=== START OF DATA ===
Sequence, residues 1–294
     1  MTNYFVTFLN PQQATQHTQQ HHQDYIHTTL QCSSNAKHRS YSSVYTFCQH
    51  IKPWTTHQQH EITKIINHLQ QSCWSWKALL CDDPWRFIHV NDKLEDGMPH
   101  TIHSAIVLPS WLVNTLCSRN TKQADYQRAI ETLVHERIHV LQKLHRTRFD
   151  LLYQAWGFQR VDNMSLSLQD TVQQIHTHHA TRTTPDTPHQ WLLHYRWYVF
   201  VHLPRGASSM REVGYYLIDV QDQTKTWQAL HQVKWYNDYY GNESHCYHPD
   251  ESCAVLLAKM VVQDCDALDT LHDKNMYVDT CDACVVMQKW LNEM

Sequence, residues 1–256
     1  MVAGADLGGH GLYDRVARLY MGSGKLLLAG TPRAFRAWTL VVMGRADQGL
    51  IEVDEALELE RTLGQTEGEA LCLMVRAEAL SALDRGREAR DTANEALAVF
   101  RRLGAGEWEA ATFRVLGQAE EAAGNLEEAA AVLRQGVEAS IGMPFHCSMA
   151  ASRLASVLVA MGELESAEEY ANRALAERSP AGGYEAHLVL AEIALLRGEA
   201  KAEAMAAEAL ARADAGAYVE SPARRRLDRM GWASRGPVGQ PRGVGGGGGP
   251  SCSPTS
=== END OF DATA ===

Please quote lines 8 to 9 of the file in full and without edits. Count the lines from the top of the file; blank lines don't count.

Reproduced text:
Sequence, residues 1–256
     1  MVAGADLGGH GLYDRVARLY MGSGKLLLAG TPRAFRAWTL VVMGRADQGL